Review: Wilder by Claire Wahmanholm

Wilder by Claire Wahmanholm is a rare prophetic glimpse into a future haunted by the now. An alchemist of language, Wahmanholm’s first full-length book since her award-winning chapbook, Night Vision, is a revelry far beyond what I believed imagination could conjure. She gives us a complete stranger of a world, a planet ruled by its own profound logic of consistency and inconsistency—a planet that manages to feel frighteningly possible & intuitively true. In this book, Wahmanholm’s collapsing world is exceedingly full of texture, solemnity and phantasm. She masters a mesmerizing spareness of detail that causes the white spaces to blare in our ears. This is a collection of feral & harrowing emptiness. Imagine the loneliness of an endling. Imagine if Judgement Day were silent.

In a voice so thoughtful, pure and vivid that it cannot avoid being beautiful, Wahmanholm relays to us a collective death of quiet & searing agony: “How did we dare have children we couldn’t save? // If we closed our eyes the falling apples / sounded like heavy rain.” How does she manage the tender so closely beside the grotesque?

In moments of unspeakable (and so, unspoken) mutilation, the poet invents a fascinating gore-by-omission: giving us the necessary violence of her subject matter through the withheld & surreal. “My eyes which were / already honeyed shut // over two cells / of empty space.” The narrative of a man-made disaster funneled through Keats’ negative capability. “I tore myself in two along my spine and sent half of me / into the night to see if I would make it through.” The gruesome & tragic are present but drained of shock-value and stated without sentimental frill. The earth is dying, but you already knew that.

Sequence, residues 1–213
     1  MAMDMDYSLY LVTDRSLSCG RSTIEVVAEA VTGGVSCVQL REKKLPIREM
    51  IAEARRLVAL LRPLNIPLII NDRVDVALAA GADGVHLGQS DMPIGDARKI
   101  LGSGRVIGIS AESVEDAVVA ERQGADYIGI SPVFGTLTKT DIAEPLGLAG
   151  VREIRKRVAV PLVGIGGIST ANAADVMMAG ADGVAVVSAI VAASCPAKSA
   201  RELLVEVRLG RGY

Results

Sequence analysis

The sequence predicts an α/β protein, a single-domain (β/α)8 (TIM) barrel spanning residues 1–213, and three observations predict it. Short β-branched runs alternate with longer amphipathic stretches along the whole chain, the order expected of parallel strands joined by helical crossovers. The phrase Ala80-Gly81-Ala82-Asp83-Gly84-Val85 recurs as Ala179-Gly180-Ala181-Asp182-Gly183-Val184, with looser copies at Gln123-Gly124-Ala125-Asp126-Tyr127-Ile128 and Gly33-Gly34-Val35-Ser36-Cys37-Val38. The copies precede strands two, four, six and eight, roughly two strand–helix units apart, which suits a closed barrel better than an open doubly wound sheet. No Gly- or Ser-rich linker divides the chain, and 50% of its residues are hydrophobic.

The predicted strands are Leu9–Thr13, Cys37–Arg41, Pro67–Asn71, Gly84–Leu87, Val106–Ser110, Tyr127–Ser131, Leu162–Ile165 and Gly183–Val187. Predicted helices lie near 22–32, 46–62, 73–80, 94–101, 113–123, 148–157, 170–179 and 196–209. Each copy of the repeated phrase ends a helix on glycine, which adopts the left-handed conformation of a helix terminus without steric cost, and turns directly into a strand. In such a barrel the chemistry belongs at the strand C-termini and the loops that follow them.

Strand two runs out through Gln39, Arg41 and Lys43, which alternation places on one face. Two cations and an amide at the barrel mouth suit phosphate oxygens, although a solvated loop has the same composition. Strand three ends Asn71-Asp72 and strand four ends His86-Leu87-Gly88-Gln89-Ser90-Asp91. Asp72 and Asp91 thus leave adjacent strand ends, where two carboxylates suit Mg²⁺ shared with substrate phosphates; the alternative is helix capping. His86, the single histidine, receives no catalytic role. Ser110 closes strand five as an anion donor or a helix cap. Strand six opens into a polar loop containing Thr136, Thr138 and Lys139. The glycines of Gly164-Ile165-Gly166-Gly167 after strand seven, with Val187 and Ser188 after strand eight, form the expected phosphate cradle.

Wilder possesses a voice of sacred extremes, simultaneously contaminated and pure, gauzy and mercilessly sharp, measured and, well, wild. These poems dual-wield clinical vernacular and arrestingly graceful lyric, giving language to the emotional phantom pains of our Earth’s destruction. “Speculation about the state of the sky— / whether it is an infinite mouth dragging its gasp across us.”

I did not realize how disconnected I am from my own grief and terror surrounding global warming until Wilder burned off my numbness. This book’s aching vision of a ruined homeland woke me as, drawn in by the poet’s impeccably elegant voice, I couldn’t then look away from the technicolor warning taking shape as a crystal ball.

Wahmanholm leaves the narrative hauntingly, masterfully open, witnessed in the voices of humans or aliens or ghosts in a deteriorating Elysium. In Wilder, readers awake in a landscape that has come alive to obliterate its citizens with the gentlest touch, to unravel us in our utter frailty, to take us down with it. Who or what is the us here? You cannot know, but from the first poem, you know you’re among them.

Aimee Seu is a second-year candidate in poetry at the University of Virginia.

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